By Steve Wilson | Mississippi Watchdog
Solar panels could be popping up on roofs all over Mississippi if a proposed rule by the Mississippi Public Service Commission is approved.
The PSC voted Tuesday at its monthly meeting to open a comment period for a proposed rule that would allow homeowners and business owners to add solar panels to their roofs and sell back the excess power to the grid at market prices, a process called net metering. The comment period would expire July 1 and be followed by a public hearing before final guidelines are issued.
Mississippi is one of five states — Idaho, Alabama, South Dakota and Tennessee being the others — that has no rules on net metering. That means those who want to add rooftop solar have to deal with varying fees and other complications from their utility. Some of those include caps on the amount of power an individual customer can sell back to the utility, exorbitant charges to hook their solar panels to the grid and other means by which utilities discourage customers from generating their own power.
“I think this is a good signal that the commission is active and alert in seeking opportunities to try to help Mississippians generate their own electricity and give them the ability to do so, be it at their business or at their home or their small commercial operation,” Northern District PSC Commissioner Brandon Presley said. “My hope is we’ll get this done. This has been a long time coming and it’s way overdue to try to get this measure in place in Mississippi.
“We want to get it right and we want to do something that is progressive and that is effectual and that makes sense for the customer in Mississippi.”
It’s been nearly a five-year process for net metering standards in Mississippi, as the initial study order was filed in December 2010. The PSC commissioned a study by consulting firm Synapse Energy Economics, which found in its cost/benefit analysis that rooftop solar could:
- Replace generation from electrical generation plants only run during “peak” times such as summer, when customers use air conditioning heavily.
- Help avoid costs such as investments in future generating capacity, line losses over transmissions and distribution systems and environmental compliance costs.
- Provide benefits to consumers in every scenario Synapse analyzed.
Mississippi’s electrical grid is now a regulated monopoly dominated by two investor-owned utilities — Entergy and Mississippi Power — and several nonprofit electric power associations. All have filed objections to a proposed net metering rule with the exception of Mississippi Power, which agreed to withdraw its objections to net metering in the settlement of its lawsuit with the Sierra Club over the Kemper Project integrated coal gasification power plant.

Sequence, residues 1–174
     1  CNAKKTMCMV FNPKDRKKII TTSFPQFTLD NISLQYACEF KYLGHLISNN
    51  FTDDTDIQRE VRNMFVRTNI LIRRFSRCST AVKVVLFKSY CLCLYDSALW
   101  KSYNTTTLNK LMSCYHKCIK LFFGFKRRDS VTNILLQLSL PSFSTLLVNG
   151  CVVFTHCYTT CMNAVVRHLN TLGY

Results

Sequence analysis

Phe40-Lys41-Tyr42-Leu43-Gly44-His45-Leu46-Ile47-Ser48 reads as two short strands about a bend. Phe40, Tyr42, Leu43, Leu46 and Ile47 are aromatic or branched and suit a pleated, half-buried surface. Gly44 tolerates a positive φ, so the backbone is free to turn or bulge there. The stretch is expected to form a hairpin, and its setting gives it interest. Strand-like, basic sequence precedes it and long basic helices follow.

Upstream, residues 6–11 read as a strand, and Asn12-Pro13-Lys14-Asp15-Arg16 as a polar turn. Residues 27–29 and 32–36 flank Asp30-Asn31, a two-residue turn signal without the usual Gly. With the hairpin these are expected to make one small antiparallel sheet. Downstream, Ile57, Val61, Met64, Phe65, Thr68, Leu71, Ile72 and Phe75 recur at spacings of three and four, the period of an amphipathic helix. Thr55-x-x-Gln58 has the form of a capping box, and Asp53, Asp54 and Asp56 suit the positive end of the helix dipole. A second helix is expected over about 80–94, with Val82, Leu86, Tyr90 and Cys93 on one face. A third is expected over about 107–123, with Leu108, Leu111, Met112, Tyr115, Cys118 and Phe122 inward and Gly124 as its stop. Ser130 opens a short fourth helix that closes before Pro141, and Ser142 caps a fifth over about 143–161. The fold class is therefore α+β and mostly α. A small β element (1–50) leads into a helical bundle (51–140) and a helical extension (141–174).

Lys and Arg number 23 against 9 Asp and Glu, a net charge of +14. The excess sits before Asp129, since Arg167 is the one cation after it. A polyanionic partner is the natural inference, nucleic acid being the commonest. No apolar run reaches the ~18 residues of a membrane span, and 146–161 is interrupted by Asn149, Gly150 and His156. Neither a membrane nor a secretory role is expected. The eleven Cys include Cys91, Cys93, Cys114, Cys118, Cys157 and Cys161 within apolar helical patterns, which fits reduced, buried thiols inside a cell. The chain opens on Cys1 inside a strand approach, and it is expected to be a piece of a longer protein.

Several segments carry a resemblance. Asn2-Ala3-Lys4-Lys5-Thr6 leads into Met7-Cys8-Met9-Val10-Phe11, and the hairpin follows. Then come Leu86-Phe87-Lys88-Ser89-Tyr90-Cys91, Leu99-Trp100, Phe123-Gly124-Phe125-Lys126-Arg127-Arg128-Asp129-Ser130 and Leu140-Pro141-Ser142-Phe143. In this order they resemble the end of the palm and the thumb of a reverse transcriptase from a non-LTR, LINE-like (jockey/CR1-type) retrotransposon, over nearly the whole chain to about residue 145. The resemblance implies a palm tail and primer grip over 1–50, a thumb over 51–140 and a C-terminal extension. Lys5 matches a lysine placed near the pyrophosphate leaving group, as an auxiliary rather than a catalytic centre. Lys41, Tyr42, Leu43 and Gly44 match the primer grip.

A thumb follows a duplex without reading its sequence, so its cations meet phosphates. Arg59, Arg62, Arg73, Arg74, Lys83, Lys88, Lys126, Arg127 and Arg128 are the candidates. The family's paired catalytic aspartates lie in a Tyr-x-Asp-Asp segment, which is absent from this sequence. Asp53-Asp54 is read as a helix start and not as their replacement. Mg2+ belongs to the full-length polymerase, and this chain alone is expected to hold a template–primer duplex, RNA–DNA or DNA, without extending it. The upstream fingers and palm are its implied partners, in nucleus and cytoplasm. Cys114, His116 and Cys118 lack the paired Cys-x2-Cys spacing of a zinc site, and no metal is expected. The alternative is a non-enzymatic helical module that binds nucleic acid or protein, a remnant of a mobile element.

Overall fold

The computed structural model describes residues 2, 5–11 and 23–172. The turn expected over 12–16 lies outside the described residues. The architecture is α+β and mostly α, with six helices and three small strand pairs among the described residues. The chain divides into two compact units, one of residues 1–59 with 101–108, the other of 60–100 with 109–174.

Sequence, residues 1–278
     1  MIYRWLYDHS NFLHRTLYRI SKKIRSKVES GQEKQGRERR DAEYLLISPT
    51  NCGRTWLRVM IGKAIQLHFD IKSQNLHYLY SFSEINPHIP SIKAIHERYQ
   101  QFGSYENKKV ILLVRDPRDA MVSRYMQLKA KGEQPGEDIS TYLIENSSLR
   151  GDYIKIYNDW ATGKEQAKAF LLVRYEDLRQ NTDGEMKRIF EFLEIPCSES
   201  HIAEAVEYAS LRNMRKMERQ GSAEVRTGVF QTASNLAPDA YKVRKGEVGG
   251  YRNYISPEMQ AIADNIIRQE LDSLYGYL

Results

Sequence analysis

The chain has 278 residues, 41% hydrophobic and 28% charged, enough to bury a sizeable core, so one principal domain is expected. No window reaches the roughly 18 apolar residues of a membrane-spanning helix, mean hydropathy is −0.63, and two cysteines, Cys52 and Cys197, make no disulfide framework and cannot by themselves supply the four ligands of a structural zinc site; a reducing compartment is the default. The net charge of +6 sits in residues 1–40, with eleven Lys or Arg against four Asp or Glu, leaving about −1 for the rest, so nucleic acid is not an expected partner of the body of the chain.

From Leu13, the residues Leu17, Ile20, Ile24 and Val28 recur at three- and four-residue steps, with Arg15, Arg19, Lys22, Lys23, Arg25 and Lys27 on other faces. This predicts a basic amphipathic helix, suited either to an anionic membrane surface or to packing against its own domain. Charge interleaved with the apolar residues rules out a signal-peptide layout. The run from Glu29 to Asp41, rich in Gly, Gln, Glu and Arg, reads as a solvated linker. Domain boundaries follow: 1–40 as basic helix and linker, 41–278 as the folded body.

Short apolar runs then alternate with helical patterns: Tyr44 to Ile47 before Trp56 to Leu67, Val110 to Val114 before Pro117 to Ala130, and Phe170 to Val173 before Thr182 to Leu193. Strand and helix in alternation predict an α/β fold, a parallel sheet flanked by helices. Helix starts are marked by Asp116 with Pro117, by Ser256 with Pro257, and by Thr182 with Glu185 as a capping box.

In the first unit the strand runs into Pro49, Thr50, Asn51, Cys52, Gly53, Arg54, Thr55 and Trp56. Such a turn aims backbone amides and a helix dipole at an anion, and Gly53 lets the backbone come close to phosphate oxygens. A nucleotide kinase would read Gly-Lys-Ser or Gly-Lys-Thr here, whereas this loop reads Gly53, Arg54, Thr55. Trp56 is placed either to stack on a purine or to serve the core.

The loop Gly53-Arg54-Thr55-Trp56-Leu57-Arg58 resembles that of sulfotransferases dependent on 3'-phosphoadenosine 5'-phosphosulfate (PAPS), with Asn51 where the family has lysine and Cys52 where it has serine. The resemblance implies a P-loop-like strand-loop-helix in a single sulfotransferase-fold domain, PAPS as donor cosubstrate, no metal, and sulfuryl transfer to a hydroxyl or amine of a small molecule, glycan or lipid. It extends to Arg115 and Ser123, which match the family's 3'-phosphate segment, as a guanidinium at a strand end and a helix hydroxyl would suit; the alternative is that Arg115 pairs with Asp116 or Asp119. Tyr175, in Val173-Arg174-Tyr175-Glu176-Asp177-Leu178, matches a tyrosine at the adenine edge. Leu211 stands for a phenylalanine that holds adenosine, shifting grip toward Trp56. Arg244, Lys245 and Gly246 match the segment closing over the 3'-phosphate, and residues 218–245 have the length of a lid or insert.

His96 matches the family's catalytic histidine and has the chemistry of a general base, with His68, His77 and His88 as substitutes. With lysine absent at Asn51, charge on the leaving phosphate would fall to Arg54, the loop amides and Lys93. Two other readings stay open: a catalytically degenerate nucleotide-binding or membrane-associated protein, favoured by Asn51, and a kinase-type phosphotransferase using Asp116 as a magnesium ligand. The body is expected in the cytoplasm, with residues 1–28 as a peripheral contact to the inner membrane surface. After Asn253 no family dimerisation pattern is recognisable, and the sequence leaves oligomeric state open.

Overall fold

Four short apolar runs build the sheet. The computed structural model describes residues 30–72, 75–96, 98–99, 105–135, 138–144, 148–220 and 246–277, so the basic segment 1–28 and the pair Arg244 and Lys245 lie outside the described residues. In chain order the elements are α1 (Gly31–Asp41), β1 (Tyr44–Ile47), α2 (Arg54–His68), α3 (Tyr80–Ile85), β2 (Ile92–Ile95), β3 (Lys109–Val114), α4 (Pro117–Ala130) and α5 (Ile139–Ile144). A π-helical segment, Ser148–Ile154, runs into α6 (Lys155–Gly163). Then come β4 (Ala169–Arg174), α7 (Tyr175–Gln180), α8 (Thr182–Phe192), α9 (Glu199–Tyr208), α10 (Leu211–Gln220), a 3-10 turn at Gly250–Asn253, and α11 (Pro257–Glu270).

Net metering is becoming a bipartisan issue. Two candidates running for retiring Central District Commissioner Lynn Posey’s post, state Rep. Cecil Brown, D-Jackson, and Republican Brent Bailey, both support net metering in Mississippi.
Brown said net metering could help state and local government save money on increasing utility rates, such as in Mississippi Power’s service area of 23 counties that has absorbed an 18-percent increase to help pay for the Kemper plant. He cited the University of Southern Mississippi’s tuition increase as one area where increasing utility rates are felt by all taxpayers.
“One of the reasons they (Southern Miss) cited was the increase in power costs for the university,” Brown said. “With that announcement, I begin to look at what was going on with school districts, local governments, community colleges and all sorts of public institutions that buy power. To the extent that they have to increase their cost of operation, that’s been passed along to the public.”
Bailey has been an intervenor in the net metering docket with the PSC since the outset and is part of the state alliance team for 25 x 25, a nonprofit organization that wants to have 25 percent of the nation’s energy capacity come from renewable sources such as wind and solar by the year 2025.
“I believe Mississippians should have the ability to choose whatever energy source works for them,” Bailey said. “The current regulatory structure makes it very expensive for homeowners, businesses, schools and government agencies, churches and manufacturers from enjoying the benefits of their own power. Mississippi is also not enjoying the new jobs that this sector contains.”